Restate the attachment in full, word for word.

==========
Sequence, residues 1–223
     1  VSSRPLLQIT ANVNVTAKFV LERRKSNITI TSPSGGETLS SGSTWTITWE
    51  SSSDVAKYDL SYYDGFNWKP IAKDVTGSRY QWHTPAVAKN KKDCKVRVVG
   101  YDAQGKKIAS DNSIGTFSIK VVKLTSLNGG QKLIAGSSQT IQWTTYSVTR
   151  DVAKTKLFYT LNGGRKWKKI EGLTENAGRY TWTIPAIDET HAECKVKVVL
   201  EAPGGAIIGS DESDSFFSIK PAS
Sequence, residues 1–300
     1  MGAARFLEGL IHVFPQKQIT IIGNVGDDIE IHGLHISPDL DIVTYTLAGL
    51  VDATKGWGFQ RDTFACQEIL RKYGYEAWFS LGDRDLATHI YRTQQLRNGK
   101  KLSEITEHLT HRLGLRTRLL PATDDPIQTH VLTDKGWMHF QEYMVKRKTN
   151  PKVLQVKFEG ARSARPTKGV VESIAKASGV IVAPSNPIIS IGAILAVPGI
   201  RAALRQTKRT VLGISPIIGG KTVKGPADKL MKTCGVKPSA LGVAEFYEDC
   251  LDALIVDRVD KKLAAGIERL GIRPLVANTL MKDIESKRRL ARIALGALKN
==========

Sequence, residues 1–223
     1  VSSRPLLQIT ANVNVTAKFV LERRKSNITI TSPSGGETLS SGSTWTITWE
    51  SSSDVAKYDL SYYDGFNWKP IAKDVTGSRY QWHTPAVAKN KKDCKVRVVG
   101  YDAQGKKIAS DNSIGTFSIK VVKLTSLNGG QKLIAGSSQT IQWTTYSVTR
   151  DVAKTKLFYT LNGGRKWKKI EGLTENAGRY TWTIPAIDET HAECKVKVVL
   201  EAPGGAIIGS DESDSFFSIK PAS
Sequence, residues 1–300
     1  MGAARFLEGL IHVFPQKQIT IIGNVGDDIE IHGLHISPDL DIVTYTLAGL
    51  VDATKGWGFQ RDTFACQEIL RKYGYEAWFS LGDRDLATHI YRTQQLRNGK
   101  KLSEITEHLT HRLGLRTRLL PATDDPIQTH VLTDKGWMHF QEYMVKRKTN
   151  PKVLQVKFEG ARSARPTKGV VESIAKASGV IVAPSNPIIS IGAILAVPGI
   201  RAALRQTKRT VLGISPIIGG KTVKGPADKL MKTCGVKPSA LGVAEFYEDC
   251  LDALIVDRVD KKLAAGIERL GIRPLVANTL MKDIESKRRL ARIALGALKN